In the preferred form, the motor 107 is electric and is mounted to the pillar 101 above the standing platform 109. The electric motor 107 is operated by an electronic control system and the control system and electric motor 107 are preferably powered by a rechargeable battery. In the preferred form, the control system and battery are contained in a unit 111 mounted on the pillar 101 and are appropriately wired to the electric motor 107.

It will be appreciated that in alternative forms of the unicycle a belt 108 may not be required, for example the drive shaft of the electric motor 107 may be directly coupled to the shaft 106 of the wheel 105 or coupled via intermediate gears. Further, other motors such as a small internal combustion motor may be utilised to drive the wheel in alternative forms of the unicycle.

In operation, the control system automatically maintains the fore-aft balance for the rider of the unicycle by detecting, via one or more electronic sensors such as gyros, accelerometers or the like, whether the pillar 101, or some other datum line, is aligned with the local gravitational and inertial force field. If the wheel 105 is behind the field, the control system accelerates the wheel 105, via operation of the electric motor 107, to catch up. If the wheel 105 is ahead of the field, the control system decelerates the wheel 105 to allow the rider and unicycle mass to catch up with the wheel 105. Effectively, the control system, with its associated sensors, monitors whether the center of mass of the rider and unicycle is ahead or behind the wheel point-of-contact with the ground and accelerates or decelerates the wheel via operation of the motor in order to maintain the center of mass of the rider and unicycle directly above the wheel point-of-contact. With such a control system, the rider may accelerate by simply pushing the handlebar 102 forward or slow down and stop by pulling the handlebar 102 back.

It will be appreciated that automatic fore-aft balance may be achieved by various other control systems with one or more associated sensors. Referring to FIG. 3, a simplified fore-aft control system 200 is shown, although for clarity the electric motor 107 driving the wheel 105 is not shown. The control system 200 includes a speed control knob 201, or alternatively a lever or the like, which is operable by the rider 203 to control the electric motor 107 speed and thereby the speed of the unicycle. As shown, the control knob 201 is preferably mounted on the handlebar 102, although this is not a requirement. A “fast-slow” speed dial 202 associated with the control knob 201 may also be fixed to the handlebar 102 for the rider's 203 assistance. A mechanical sensor, such as a rigid pendulum 204, is fixed to the control knob 201 and hangs below it. The pendulum 204 has a pointer portion 205 which indicates the speed of the unicycle on the speed dial 202.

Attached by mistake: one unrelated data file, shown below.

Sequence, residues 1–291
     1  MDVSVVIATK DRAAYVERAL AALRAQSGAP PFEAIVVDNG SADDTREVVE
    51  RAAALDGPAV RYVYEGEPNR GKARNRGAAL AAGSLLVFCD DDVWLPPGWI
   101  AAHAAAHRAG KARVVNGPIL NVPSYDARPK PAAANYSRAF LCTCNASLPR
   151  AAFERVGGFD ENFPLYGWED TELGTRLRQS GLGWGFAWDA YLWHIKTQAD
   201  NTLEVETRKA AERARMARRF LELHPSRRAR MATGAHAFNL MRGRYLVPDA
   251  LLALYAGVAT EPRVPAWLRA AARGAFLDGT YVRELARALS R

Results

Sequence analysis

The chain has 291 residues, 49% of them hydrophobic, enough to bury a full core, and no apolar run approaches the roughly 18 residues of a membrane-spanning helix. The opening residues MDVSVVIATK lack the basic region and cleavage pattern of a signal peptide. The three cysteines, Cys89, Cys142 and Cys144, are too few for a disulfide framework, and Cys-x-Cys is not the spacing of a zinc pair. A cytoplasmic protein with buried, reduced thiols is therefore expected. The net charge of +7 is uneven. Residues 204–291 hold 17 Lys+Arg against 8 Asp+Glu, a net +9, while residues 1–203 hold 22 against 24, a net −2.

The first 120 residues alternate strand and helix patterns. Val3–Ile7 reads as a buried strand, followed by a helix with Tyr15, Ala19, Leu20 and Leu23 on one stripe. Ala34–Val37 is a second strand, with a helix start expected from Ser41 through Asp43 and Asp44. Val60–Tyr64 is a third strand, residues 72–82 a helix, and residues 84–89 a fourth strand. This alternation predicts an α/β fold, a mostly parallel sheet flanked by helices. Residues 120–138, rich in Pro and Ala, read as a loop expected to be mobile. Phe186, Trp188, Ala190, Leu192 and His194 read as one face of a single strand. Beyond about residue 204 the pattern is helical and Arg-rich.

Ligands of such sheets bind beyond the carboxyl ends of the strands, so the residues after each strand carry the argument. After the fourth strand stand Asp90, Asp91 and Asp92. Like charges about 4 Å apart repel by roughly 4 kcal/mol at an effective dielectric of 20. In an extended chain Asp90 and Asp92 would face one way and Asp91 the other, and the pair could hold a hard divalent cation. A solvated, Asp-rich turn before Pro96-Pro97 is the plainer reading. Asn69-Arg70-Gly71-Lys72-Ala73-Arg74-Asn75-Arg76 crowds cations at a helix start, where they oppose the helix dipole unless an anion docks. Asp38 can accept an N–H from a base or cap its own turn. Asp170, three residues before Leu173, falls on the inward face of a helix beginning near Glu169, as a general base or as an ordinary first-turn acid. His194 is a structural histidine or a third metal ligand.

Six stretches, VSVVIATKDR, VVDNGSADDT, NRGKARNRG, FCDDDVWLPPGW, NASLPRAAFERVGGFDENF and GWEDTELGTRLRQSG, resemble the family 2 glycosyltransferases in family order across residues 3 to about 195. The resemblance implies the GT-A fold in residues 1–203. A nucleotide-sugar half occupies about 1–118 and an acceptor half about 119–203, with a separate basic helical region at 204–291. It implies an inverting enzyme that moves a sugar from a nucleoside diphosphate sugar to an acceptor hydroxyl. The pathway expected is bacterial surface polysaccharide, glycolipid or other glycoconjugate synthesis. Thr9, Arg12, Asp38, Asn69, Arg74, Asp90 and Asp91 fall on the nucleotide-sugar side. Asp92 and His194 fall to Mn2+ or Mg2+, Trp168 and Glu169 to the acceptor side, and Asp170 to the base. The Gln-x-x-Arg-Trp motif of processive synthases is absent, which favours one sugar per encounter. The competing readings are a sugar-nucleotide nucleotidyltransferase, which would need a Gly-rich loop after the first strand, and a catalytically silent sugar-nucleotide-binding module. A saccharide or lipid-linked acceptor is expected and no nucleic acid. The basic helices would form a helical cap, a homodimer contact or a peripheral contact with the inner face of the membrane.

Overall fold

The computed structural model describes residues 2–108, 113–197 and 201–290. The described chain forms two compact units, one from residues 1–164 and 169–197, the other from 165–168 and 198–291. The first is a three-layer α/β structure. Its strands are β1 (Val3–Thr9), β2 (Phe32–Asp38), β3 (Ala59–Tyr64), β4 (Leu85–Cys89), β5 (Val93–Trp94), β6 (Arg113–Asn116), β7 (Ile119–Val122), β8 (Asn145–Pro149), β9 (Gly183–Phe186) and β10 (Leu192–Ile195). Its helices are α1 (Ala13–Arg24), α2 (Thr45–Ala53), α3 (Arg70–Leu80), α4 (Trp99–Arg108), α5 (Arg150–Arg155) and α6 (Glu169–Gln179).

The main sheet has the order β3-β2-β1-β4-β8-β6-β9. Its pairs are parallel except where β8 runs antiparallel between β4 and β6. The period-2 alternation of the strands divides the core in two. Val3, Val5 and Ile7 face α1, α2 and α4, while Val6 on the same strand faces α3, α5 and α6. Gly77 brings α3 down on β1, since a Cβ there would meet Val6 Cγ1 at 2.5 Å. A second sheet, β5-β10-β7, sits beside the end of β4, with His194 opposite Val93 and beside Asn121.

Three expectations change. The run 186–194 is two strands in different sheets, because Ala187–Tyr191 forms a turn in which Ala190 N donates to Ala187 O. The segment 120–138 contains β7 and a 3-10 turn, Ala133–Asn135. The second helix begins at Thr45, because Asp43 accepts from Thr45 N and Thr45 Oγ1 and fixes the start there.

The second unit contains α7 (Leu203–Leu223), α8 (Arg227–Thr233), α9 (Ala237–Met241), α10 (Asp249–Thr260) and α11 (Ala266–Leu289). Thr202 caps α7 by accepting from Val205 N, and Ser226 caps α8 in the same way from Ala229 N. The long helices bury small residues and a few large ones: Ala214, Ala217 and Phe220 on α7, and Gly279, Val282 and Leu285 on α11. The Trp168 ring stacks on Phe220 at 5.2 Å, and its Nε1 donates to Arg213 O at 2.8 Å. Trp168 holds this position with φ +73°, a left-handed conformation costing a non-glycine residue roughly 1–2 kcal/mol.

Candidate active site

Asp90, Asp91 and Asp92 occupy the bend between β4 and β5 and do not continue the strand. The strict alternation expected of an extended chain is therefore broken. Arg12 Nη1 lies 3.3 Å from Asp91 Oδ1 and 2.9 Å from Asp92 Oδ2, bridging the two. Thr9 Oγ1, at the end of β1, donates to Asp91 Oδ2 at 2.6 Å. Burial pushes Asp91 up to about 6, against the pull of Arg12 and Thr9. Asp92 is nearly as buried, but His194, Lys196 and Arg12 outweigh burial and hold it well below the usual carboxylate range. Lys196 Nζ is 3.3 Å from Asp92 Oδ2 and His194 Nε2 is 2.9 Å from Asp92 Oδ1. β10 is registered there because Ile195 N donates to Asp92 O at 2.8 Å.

Before using the unicycle, equipped with control system 200, the angle between the control knob 201, with pendulum 204 attached, and the speed dial 202 is set so that the electric motor runs at a constant speed with the rider 203 comfortably balanced on the unicycle. Assuming the unicycle, with rider 203, is moving at a constant speed, the pendulum 204 hangs vertically and thereby causes the electric motor to run at a constant speed. If the rider 203 begins to fall forward, i.e. the center of mass of the rider 203 gets ahead of the wheel 105, then the handlebar 102 is moved forward in relation to the wheel 105. As the handlebar 102 moves forward, the hanging pendulum 104 causes the control knob 201 to rotate such that it speeds up the electric motor to bring the wheel 105 forward under the center of mass of the rider 203 and thereby automatically restores fore-aft balance. If the rider 203 begins to fall backwards, the hanging pendulum 104 causes the control knob 201 to rotate to slow the electric motor to bring the wheel 105 back under the center of mass of the rider 203. The rider 203 may accelerate or decelerate by simply either pushing the handlebar 102 forward or pulling it backward respectively. A damping system may also be incorporated into such a control system 200 in order to prevent the pendulum 204 from continuously oscillating back and forth in a swinging motion, which would cause the unicycle to accelerate and decelerate in succession undesirably.